Mâche and Asian Pear Salad with Hazelnuts
Mâche is unforgettable. I call it the princess of all leafy greens.
The tiny lettuce, when picked young, looks like a rosette, no bigger than a small daisy. Also known as corn salad, field salad, or lamb's lettuce, mâche thrives in cool weather and, contrary to its delicate features, is a pretty hardy little plant. It's also packed with many nutrients.
But I will confess that’s not the reason I love mâche. What truly enchants me is its subtle and succulent flavor, which makes for the most elegant salads and garnishes.
In this recipe, I serve the mâche with super-thin slices of Asian pear, and toss the tender greens with a shallot and truffle vinaigrette. The sweetness of the petite lettuces harmonizes beautifully with the aromatic pears and the more pungent vinaigrette.
See all salad recipes.
*Note: Store any leftover nuts in an airtight container for up to 1 month.
For the vinaigrette
- 1 Tablespoon minced shallots
- 1 Tablespoon white balsamic vinegar
- 3 Tablespoons white truffle oil
- 1/8 Teaspoon sea salt
- Freshly ground black pepper, to taste
For the salad
- 1/4 Cup hazelnuts
- 1 1/2 Asian pears, halved crosswise, cored, and sliced thinly with a mandoline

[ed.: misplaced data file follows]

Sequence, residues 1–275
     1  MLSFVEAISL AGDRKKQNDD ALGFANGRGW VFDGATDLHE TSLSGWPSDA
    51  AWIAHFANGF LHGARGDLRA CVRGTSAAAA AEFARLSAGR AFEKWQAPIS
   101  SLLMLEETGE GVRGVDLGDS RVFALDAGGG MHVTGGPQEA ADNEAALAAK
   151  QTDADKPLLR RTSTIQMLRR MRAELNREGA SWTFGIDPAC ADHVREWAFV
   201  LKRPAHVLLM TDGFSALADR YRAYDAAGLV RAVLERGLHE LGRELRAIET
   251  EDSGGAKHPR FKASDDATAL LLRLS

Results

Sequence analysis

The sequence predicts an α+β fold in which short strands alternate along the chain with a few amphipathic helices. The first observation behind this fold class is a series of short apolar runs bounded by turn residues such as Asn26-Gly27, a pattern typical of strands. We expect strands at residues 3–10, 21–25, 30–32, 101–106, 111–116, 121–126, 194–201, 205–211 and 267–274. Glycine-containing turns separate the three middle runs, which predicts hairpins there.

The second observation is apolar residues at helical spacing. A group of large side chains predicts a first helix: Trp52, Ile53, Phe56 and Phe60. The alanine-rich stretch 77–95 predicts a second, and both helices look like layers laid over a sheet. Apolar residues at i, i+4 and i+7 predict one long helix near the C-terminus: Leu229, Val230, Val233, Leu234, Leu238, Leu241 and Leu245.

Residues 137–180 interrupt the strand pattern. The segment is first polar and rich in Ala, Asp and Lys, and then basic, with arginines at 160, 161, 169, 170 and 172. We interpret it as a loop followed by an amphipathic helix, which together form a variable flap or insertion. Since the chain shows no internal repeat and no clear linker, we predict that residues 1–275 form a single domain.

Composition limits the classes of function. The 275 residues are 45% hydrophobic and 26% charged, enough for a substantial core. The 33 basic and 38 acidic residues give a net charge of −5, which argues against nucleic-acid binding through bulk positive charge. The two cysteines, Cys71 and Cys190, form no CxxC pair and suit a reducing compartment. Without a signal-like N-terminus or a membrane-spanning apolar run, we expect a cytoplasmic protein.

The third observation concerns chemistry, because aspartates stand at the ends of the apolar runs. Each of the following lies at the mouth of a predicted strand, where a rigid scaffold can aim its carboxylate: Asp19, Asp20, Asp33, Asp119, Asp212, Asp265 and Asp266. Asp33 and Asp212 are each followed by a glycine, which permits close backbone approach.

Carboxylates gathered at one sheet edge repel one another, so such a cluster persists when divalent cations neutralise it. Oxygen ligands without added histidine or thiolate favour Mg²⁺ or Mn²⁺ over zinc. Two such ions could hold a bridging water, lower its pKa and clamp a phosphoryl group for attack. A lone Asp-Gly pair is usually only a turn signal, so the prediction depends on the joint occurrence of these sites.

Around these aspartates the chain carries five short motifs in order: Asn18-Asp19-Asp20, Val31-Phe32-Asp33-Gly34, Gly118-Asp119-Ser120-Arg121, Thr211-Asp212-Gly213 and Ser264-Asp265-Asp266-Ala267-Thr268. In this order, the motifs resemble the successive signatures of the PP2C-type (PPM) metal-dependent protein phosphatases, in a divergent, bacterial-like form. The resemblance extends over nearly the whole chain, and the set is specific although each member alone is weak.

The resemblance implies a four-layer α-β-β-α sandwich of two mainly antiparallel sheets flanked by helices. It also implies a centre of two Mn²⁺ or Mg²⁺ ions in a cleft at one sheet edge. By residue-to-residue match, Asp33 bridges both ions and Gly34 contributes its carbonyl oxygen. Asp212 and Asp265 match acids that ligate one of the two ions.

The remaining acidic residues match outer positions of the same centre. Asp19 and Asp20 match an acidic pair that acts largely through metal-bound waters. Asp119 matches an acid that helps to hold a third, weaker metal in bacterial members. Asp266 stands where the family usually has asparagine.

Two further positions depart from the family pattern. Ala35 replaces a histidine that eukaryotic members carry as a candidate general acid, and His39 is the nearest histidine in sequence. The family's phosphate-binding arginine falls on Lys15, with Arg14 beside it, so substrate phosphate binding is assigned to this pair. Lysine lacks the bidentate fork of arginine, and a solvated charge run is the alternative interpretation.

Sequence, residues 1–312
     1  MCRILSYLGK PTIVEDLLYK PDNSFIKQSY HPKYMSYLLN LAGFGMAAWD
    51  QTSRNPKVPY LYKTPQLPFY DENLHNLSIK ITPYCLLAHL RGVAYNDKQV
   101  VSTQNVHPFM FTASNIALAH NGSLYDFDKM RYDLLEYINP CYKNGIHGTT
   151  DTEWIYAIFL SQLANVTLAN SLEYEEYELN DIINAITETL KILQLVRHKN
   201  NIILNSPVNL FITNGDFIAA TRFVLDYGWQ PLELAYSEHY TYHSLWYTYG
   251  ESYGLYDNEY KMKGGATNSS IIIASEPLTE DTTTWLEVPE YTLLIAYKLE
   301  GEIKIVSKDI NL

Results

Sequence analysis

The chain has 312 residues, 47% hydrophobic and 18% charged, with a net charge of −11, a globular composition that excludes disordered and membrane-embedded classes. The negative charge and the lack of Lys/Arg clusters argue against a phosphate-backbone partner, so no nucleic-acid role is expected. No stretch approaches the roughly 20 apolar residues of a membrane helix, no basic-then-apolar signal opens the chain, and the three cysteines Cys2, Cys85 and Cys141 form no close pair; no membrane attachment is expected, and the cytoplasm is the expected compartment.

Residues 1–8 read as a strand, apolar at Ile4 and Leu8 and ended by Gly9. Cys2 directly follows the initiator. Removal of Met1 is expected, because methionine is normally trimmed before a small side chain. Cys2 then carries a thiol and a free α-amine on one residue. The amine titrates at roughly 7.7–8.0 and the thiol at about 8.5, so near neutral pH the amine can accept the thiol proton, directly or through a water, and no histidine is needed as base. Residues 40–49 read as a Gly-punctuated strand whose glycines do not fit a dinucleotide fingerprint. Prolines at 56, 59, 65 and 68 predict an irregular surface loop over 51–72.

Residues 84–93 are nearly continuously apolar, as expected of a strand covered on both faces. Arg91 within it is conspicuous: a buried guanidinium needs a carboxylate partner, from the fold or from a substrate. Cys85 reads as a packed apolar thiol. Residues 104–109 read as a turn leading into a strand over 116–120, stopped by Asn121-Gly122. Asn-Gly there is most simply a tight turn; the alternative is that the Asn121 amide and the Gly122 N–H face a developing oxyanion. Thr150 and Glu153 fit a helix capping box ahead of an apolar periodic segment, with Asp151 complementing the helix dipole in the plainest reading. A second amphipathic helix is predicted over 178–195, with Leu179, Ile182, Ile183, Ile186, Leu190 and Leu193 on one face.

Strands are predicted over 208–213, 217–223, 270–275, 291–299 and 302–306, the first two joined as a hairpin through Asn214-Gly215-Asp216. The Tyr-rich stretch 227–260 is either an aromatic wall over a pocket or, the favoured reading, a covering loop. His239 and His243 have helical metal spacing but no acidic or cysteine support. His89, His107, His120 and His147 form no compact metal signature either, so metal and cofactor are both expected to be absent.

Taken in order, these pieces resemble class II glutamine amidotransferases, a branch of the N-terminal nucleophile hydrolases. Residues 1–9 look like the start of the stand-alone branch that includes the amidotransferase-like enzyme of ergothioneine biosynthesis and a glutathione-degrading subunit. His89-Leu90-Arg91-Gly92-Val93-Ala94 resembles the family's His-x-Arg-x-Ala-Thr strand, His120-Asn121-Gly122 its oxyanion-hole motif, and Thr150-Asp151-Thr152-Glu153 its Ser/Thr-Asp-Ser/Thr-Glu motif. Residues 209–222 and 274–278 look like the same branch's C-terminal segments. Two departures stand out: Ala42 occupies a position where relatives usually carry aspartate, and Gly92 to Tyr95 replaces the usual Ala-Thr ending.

- 5 Ounces baby mâche
- Freshly ground pepper, to taste
Calories Per Serving198
Folate equivalent (total)41µg10%
Mâche and Asian Pear Salad with Hazelnuts - Recipes
We serve this traditional flavor pairing-beets, goat cheese, and walnuts&mdashas a cheese course, but it could just as easily be an appetizer. The beets are not cooked sous vide, because in this dish we like the complex flavors that develop through roasting, but we do marinate the cooked and cooled beets in oil and sherry vinegar sous vide to give them even more flavor.
Blue Apron goat cheese is made specially for us, but any fresh goat cheese, such as Coach Farm, would work in this recipe. We blend the goat cheese with buttermilk and canola oil to make the coulis, then pass it through a strainer for a very smooth texture. The walnuts are first cooked in a simple syrup, then deep-fried until very crispy. The dish is finished with beet powder and a beet reduction, and a delicate salad of baby mâche.